It might be argued that the situation is not much better in many other states, where governments have been returned to power time and again. The real issue, however, is one of public perception. When the constituents of the government do not pull in one direction and there is a widespread feeling that there is no specific policy direction, public confidence in the governing dispensation is severely shaken. The recent election results reflect, of course, the rejection of the government at the national level. But the margins of victories for the main opposition parties in the state represent a rejection of the state government as well. 2014 is different from 2004 and 2009 in that, in the state elections in those years, the BJP alliance was going through its own existential crises. The BJP was going through a churning process at the national level and the Shiv Sena was beset with the exit of many important leaders, consequent on a leadership struggle in the party. With these issues largely resolved for now, the BJP alliance is much better placed to offer a more viable alternative to the current ruling coalition. Given the short time period available before the state election process kicks in, it looks well-nigh impossible for the present government to refurbish its image to attract voters to its fold once again.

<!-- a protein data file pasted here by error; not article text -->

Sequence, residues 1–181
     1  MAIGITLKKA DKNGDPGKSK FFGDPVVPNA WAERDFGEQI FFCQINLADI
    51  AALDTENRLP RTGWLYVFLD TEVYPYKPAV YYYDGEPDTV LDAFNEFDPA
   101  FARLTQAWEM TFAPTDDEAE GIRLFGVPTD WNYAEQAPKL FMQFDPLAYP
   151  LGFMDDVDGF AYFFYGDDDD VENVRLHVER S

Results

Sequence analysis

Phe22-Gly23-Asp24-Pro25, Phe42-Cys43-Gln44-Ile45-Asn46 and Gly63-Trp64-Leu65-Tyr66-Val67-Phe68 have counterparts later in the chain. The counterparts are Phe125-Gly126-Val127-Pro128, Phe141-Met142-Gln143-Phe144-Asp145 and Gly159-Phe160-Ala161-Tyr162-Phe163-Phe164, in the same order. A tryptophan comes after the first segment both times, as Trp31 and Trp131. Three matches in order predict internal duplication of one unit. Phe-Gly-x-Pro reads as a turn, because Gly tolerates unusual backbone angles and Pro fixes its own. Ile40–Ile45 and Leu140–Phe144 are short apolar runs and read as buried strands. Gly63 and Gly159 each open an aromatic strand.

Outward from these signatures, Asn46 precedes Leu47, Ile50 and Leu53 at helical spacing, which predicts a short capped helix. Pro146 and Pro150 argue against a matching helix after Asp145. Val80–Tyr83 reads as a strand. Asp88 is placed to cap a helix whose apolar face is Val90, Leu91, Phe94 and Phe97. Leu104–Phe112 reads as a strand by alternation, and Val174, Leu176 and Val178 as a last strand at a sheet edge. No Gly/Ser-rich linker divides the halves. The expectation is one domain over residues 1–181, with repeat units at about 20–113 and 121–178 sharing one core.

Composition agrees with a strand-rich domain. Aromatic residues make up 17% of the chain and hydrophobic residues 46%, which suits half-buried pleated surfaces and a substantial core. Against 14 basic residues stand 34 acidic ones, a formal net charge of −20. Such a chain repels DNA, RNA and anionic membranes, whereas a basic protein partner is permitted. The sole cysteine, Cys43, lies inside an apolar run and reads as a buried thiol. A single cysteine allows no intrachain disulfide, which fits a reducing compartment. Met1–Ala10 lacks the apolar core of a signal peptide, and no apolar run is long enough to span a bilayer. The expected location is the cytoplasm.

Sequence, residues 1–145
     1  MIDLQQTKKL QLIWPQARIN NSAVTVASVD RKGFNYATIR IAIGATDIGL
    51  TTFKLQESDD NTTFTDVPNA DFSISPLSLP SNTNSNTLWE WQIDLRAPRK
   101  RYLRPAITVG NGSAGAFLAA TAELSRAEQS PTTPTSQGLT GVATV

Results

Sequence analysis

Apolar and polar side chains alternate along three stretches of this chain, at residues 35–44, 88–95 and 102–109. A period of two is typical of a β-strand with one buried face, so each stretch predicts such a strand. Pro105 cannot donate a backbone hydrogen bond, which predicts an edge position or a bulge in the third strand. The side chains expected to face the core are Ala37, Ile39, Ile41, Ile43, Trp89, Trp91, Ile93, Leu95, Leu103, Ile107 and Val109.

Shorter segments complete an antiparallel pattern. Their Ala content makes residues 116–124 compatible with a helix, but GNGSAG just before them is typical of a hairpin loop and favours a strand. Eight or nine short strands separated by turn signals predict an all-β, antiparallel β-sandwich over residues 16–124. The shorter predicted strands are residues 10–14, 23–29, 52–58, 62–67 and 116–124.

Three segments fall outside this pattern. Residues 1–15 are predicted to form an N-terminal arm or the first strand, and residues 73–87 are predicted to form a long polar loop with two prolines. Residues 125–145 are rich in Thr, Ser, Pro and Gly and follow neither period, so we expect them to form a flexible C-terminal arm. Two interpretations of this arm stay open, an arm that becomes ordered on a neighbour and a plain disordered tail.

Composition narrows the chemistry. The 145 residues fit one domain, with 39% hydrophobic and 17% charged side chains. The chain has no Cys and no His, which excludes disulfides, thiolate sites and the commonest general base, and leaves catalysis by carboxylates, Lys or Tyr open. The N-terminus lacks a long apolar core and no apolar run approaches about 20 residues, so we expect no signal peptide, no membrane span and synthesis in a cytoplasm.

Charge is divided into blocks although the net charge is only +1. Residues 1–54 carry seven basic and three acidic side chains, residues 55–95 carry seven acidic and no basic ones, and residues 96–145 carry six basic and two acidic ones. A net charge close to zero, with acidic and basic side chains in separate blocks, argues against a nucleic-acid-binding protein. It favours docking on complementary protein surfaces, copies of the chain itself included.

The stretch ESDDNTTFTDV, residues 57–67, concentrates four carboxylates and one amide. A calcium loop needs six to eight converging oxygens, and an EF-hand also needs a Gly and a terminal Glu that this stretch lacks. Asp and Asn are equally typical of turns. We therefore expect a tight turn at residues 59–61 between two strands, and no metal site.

My only fervent hope (indeed prayer) is that whichever group comes to power will focus on the basic issues that will make Maharashtra a vibrant, competitive state and give its over 100 million people a decent quality of life. The Shiv Sena-BJP alliance squandered its 1995 mandate and the Congress-NCP alliance has wasted three opportunities given to it since 1999. Politicians of all hues would do well to remember that you are only as good as your last term in office. If you wish to continue ‘serving the people’ (a favourite euphemism of all politicians), please set aside your personal goals and focus on policies that will give your people a better future.